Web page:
Bryan Hope, the promoter for Southeastern Championship Bull Riding, which is traditionally held each January at the mountains center, said he understands the city’s move, but hates losing the venue.

“I hate that happened in Gainesville,” he said. “We were there 21 years, and I think that our show was a real quality family show. I hate that we’re not going to be able to go back, but that’s the way life is.

“I don’t want to talk negative about the city of Gainesville or the (Georgia) Mountains Center — they had to do what they had to do. I hate it, but I’m ready to move on.”

Hope is looking at two facilities in the Gainesville area to host the bull riding event. He doesn’t “want to spill the beans until I got the deal sewed up,” but said the event could be held as early as March or April.

“We’re going to have one over there somewhere,” Hope said. “There are two facilities that we are looking at, both in the Gainesville area.”

But not all event organizers will have to look elsewhere.

The university will still “aggressively market” a 300-seat theater and a ballroom that can be partitioned into three rooms.

“It’s not going to be arena space anymore,” David Morrison, Brenau spokesman, said. “(But) we made a commitment that (the theater) will be (available).”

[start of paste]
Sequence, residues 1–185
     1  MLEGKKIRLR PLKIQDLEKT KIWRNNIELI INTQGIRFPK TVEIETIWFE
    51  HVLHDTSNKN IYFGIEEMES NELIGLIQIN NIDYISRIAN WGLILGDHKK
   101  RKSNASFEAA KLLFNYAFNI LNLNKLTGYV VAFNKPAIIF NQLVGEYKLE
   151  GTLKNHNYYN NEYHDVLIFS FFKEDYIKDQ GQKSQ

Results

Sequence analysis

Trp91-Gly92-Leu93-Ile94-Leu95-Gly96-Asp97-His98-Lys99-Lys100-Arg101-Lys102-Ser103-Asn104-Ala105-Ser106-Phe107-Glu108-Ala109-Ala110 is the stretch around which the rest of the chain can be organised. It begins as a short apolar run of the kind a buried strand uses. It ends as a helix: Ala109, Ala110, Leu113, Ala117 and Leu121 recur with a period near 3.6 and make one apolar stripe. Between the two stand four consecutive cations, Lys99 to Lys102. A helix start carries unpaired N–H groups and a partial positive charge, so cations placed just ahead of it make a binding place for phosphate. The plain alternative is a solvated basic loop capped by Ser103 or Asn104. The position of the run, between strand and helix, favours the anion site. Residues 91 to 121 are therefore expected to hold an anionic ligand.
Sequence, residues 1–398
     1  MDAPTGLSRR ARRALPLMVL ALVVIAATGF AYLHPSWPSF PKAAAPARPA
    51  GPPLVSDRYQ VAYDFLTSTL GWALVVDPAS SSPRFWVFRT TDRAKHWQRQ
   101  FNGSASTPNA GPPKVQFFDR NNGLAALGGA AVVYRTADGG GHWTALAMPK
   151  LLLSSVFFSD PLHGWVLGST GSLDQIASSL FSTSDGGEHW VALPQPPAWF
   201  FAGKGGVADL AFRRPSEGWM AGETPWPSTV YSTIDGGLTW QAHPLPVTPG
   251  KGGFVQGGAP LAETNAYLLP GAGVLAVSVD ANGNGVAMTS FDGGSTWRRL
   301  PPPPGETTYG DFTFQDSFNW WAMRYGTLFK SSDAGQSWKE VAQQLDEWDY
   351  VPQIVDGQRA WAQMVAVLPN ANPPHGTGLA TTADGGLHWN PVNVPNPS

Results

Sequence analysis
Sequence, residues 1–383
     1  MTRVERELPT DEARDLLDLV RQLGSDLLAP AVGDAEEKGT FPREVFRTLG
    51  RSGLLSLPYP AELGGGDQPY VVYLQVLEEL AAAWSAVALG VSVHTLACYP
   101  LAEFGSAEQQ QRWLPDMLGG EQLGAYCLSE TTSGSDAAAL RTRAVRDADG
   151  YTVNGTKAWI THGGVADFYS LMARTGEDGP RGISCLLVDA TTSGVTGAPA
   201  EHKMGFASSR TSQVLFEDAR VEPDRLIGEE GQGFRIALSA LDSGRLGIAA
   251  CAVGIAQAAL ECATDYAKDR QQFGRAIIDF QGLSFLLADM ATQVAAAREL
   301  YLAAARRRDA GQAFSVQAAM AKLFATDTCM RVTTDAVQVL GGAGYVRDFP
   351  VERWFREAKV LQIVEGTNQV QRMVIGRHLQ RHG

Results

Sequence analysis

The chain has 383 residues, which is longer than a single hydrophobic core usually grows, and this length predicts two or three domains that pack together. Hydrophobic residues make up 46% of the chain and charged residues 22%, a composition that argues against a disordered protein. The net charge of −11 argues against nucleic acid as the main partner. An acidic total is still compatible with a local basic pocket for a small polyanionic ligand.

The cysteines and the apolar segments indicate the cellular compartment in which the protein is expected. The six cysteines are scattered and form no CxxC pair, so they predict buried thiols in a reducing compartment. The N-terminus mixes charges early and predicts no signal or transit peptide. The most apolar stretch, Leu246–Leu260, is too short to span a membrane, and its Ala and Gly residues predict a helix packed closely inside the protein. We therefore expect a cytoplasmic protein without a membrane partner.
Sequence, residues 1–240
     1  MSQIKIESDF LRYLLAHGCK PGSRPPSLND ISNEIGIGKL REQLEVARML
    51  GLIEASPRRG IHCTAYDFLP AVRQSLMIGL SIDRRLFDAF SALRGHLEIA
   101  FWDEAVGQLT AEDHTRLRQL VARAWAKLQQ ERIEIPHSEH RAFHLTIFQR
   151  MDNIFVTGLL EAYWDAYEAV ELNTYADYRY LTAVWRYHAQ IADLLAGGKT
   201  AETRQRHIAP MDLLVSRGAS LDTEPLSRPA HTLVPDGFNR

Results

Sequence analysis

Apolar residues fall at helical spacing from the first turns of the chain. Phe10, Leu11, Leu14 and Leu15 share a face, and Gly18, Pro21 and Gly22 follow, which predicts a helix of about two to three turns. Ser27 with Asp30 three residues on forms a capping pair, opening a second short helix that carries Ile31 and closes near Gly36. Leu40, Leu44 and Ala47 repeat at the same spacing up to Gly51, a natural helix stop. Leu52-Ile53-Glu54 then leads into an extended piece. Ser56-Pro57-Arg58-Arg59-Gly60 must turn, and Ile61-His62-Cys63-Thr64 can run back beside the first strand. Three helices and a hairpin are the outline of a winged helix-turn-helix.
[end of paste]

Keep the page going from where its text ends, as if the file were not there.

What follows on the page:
The Junior League of Gainesville-Hall County hosts its annual thrift sale on the first Saturday in October. That event, historically, has been housed in the arena.

But even though that space will be no more, the organization will still use the convention center for its annual fundraiser.

“We won’t be able to use the arena going forward, but they have helped us kind of come up with a plan to use the mountains center for the event,” Gerran Syfan, president of the Junior League, said. “For our event, it’s certainly doable, so we’ll see how it goes.”

The loss of crowd-drawing events from Gainesville’s business epicenter is of some concern for tourism officials, but, they said, creativity is key in attracting other kinds of events.

“Certainly the Georgia Mountains Center was here for a purpose and it has served that purpose well and was able to be a regional facility for Northeast Georgia and has been for many, many years now,” Felts said. “I think what we have to do when a change like this occurs is we have to step back and ask what are the other opportunities.”

She said tourism officials have pushed hard for other events that utilize the area’s resources, including fishing tournaments, which, Felts said, have done well in the area.

“If there is something that seems like a good fit for Gainesville-Hall County, we are trying to make it work,” she said.

“From a tourism standpoint, if there is a group that wants to come to Gainesville and we can find a space that is suitable for that, we are happy to do that and certainly we will be looking. But there are certain events that only the (Georgia) Mountains Center arena could hold. So those will be going someplace else.”


Contents of this site are © Copyright 2010 The Times, Gainesville, GA. All rights reserved. Privacy policy and Terms of service

Powered by
Morris Technology
Please wait ...